Before the pandemic, San Francisco’s California Street was home to some of the world’s most valuable commercial real estate. The corridor runs through the heart of the city’s financial district and is lined with offices for banks and other companies that help fuel the global tech economy.

One building, a 22-story glass and stone tower at 350 California Street, was worth around $300 million in 2019, according to office broker estimates.

That building now is for sale, with bids due soon. They are expected to come in at about $60 million, commercial real-estate brokers say. That’s an 80% decline in value in just four years.

This is how dire things have become in San Francisco, an extreme form of a challenge nationwide. Nearly every large U.S. city is struggling, to some degree, with reduced office-worker turnout since the pandemic spurred remote work. No market was hit harder than San Francisco, for reasons including its high costs, reliance on a tech industry quick to embrace hybrid work, and quality-of-life issues such as crime and homelessness.

Many of the city’s most prominent corporate tenants, from
Salesforce Inc.
Meta Platforms Inc.,
are flooding the office market with space for sublet rather than waiting for their leases to expire. The lack of office workers is rippling throughout the financial district, leading restaurants, retailers and other small businesses to lay off employees or close.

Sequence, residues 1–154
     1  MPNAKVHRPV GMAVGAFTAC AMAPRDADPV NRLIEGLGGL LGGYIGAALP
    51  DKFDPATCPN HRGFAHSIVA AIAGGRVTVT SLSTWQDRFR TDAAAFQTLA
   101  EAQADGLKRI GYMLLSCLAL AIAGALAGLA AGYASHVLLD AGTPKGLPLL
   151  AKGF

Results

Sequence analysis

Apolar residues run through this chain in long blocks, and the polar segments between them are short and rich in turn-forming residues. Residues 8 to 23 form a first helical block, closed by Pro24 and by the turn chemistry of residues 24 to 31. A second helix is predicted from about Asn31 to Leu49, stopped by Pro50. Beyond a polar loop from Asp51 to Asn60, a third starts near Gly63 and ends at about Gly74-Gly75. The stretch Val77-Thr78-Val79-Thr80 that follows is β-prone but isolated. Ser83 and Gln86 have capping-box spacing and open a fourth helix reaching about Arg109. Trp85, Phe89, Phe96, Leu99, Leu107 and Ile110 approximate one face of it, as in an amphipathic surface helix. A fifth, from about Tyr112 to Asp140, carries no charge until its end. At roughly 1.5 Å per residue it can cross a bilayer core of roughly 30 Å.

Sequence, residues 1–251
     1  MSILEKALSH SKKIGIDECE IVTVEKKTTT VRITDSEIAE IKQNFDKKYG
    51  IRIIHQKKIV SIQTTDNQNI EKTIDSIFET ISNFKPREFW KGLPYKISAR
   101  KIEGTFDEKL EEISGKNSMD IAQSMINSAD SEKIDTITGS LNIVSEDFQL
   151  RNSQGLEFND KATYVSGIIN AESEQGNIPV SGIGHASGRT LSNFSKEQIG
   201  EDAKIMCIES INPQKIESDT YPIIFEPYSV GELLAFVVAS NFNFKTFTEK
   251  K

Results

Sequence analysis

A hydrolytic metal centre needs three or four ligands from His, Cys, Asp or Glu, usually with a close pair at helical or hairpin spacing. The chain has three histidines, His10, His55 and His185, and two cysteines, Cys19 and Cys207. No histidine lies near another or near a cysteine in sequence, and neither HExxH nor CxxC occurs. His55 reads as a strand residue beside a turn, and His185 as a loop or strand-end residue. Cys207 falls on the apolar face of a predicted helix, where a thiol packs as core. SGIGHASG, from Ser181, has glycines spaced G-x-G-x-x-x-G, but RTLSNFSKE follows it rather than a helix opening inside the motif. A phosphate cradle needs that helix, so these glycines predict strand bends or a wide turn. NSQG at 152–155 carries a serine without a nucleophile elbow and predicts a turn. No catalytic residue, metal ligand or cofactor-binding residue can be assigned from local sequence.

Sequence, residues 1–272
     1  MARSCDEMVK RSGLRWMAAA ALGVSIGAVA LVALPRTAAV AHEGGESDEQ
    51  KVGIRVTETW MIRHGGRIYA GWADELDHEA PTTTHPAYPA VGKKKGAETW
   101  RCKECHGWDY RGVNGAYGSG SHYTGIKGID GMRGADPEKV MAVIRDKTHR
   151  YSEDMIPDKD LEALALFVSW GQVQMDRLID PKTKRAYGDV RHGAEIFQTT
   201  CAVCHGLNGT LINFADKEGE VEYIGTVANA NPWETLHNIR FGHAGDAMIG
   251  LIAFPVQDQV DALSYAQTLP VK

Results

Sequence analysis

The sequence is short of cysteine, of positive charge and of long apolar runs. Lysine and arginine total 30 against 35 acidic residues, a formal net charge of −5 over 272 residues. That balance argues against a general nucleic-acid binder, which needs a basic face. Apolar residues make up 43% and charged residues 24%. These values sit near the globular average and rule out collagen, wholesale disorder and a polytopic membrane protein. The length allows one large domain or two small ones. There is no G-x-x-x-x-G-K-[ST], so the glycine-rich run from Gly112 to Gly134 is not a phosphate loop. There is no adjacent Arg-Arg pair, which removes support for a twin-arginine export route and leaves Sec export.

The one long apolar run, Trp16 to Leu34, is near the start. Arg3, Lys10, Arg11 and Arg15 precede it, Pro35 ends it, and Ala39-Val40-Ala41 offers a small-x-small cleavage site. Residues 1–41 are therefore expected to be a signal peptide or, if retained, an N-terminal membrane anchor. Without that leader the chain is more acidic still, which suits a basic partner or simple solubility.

350 California Street in downtown San Francisco’s financial district.

Photo: Shelby Knowles for The Wall Street Journal (2)

Nearly 30% of San Francisco’s office space is vacant, which is more than seven times the rate before the pandemic hit, and the biggest increase of any major U.S. city, according to commercial real estate services firm
CBRE Group Inc.

Today it is hard to know just what office buildings in San Francisco’s financial district are worth, because transactions have practically dried up. A sale of 350 California promises to establish new pricing.

“We’re all really on the edge of our seats to see the first office trade in San Francisco,” said

J.D. Lumpkin,
executive managing director at real estate services firm
Cushman & Wakefield.

Stress on the office-building market across the U.S. is not an isolated problem, because of the effect on tax levies and nearby shops and the potential impact on the financial sector, especially regional banks that are big lenders on commercial real estate.



About $80 billion worth of loans backed by U.S. office buildings come due this year, according to data firm Trepp Inc. Most will need to be refinanced, at a time of higher interest rates and lower occupancy, threatening lenders with losses.

Wells Fargo